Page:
The moon had barely begun to set. The stars had not yet been shooed away.
Yet hundreds of feet were already pounding concrete and asphalt. Aside from the occasional grunts and coughs, and the skid of rubber on pavement, it was silent. It was as if we were all attending Mass. Or following a dirge. Or going up some holy mount.
It was the 15K.
One of the weirdest distances in running.
In Long Distance Run parlance, 5K is usually the acknowledged beginner’s run. 10K is more serious, but the “experts” still sprint through them (The Kenyans stride through them like gazelles). 21K, the half-marathon, is usually the next distance to be covered, the signal that a runner is now dead serious (aside from the new, expensive shoes). The 15K is a midway point. A concession between the enthusiasts and the athletes. It’s like pre-pubescence. Or the pre-teens section in SM. Or merienda. Or Engagement. There but not quite.
Not all running events offer the 15k. Most only offer the 5 and 10 in their fun runs. Others have 5, 10, then 21. Probably because many organizers see it as a frivolity, a luxury to be able to offer a midway point, when so many others want to run the “formal” distances. Thank God then, for those who offer this luxury, because there are runners who need it. They need this bridge. They need this Tiber on which to cast the die of their running career.
Thus, it was solemn. Everyone running it probably knew that it was a special gift to be granted the distance. Gone were the barkadas who just wanted to chit-chat from gunstart to finish line. Gone were the photography-enthusiasts who stopped every now and then to take pictures. Gone were the poseurs who had every gadget strapped to a muscle but could not finish well. Here were those who were seriously contemplating their future, halfway between Hades and Olympus.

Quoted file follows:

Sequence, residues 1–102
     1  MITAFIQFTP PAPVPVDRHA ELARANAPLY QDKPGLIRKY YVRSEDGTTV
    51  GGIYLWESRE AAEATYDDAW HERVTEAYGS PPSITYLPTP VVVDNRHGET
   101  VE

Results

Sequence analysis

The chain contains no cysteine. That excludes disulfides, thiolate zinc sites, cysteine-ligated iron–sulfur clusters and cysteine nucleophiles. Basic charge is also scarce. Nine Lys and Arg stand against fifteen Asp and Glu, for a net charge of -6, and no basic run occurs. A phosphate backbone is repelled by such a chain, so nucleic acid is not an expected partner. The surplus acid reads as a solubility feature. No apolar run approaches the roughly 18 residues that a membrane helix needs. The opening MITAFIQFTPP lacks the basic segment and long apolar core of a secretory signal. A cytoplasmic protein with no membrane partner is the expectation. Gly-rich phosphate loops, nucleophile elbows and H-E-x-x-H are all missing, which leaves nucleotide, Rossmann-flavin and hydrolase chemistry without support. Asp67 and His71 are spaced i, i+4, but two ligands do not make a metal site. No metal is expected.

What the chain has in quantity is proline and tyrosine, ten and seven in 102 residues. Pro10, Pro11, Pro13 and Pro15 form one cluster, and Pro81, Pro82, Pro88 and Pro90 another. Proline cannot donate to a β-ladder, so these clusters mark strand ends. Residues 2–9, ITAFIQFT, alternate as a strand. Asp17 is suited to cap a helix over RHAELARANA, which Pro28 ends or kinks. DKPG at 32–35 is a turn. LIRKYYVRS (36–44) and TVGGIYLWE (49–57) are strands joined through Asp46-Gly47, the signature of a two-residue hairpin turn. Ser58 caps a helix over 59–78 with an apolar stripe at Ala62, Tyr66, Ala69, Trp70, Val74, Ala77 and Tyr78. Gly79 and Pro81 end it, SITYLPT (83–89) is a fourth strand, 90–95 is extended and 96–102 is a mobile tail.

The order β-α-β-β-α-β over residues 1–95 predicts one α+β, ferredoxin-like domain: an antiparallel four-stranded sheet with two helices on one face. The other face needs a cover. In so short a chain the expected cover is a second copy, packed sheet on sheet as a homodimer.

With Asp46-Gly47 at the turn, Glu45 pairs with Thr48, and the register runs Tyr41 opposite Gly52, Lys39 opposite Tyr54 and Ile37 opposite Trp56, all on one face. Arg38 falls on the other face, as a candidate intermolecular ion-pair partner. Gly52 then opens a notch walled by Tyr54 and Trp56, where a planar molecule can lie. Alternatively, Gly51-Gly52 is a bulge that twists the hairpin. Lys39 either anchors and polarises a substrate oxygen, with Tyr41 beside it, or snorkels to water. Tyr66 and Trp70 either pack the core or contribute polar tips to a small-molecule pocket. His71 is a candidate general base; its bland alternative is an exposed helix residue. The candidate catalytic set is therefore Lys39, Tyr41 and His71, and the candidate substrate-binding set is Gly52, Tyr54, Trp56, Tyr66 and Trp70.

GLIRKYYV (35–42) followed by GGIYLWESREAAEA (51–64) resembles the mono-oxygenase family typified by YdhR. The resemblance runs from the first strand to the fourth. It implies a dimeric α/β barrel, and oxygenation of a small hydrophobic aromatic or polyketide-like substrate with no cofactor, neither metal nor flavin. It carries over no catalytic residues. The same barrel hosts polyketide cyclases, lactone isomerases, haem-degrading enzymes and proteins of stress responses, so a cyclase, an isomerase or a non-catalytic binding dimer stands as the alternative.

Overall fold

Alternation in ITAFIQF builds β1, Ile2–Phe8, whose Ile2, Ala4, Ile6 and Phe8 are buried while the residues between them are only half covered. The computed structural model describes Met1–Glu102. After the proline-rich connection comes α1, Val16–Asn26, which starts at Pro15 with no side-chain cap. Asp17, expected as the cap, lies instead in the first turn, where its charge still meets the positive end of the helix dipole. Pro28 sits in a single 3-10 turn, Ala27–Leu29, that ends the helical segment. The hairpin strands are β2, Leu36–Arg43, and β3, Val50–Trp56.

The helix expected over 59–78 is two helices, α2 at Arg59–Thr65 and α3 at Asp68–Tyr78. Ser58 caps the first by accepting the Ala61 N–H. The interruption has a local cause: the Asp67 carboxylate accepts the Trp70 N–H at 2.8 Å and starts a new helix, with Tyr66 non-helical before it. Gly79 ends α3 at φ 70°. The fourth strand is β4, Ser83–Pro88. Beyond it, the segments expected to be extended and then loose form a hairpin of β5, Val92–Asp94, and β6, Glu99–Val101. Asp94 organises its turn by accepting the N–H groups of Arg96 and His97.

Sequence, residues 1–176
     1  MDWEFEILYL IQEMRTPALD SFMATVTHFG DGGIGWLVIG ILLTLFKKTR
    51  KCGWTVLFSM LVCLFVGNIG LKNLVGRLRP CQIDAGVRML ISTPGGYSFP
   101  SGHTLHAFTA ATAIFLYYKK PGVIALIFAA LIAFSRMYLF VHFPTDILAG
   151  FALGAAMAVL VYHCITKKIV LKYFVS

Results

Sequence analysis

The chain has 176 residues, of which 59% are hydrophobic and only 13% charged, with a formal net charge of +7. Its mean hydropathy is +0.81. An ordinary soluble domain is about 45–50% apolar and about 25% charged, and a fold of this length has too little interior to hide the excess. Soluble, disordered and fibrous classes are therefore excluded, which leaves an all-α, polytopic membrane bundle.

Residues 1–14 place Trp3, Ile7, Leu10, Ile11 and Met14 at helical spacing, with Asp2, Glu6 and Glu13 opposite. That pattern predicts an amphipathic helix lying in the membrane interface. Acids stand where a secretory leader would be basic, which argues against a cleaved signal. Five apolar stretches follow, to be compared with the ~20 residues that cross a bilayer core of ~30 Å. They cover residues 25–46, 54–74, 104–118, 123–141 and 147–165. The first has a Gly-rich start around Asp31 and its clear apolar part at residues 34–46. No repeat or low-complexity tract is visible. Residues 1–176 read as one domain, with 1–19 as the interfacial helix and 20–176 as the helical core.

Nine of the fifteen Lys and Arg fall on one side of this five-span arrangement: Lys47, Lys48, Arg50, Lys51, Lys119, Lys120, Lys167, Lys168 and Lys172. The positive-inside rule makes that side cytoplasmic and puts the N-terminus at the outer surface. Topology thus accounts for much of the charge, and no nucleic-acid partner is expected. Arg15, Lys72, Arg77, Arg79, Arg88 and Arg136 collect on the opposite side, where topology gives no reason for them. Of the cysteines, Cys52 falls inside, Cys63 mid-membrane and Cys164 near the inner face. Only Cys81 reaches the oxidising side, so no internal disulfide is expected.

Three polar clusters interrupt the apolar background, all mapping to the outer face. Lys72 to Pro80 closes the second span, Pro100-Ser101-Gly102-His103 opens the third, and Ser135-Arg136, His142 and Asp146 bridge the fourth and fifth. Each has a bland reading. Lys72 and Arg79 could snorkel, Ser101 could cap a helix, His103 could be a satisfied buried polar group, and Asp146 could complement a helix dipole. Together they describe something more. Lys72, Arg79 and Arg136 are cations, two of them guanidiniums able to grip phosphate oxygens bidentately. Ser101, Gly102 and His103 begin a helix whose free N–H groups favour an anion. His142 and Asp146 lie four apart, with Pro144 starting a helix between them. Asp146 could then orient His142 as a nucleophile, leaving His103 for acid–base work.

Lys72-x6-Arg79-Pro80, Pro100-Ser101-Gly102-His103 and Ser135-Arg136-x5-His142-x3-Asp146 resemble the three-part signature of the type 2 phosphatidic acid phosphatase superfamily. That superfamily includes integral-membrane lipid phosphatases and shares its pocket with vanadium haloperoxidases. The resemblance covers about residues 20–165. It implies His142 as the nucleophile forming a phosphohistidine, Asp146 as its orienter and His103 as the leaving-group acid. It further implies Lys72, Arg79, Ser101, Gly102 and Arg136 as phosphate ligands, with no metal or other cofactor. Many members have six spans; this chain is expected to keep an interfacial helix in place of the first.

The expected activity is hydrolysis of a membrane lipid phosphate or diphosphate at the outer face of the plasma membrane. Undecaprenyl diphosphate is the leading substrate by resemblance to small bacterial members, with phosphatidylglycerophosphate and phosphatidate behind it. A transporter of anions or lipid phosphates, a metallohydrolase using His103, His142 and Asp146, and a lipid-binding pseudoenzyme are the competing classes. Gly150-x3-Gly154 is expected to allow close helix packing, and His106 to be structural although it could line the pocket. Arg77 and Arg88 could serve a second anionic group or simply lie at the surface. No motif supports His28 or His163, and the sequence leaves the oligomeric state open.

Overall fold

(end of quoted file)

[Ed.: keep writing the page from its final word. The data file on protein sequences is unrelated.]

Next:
No medal awaited us. The 21 and 32ks were the “Glory” distances, worthy of metal strapped to cloth. There was just, hopefully, the inner assurance, that if we finish well, we were only 6 kilometers away from the Half Marathon, and 5 kilometers away from our former selves.
We were amateurs, seeking to defy the sinew and certainties nature had outlined for us. We were all silent, as we respected the road, one another’s unspoken yet clear desires expressed only through exhales, the task that challenged our humanities, and the loads of ointment we would probably need after.
We were all silent, as we ran through this purgatory at moonset.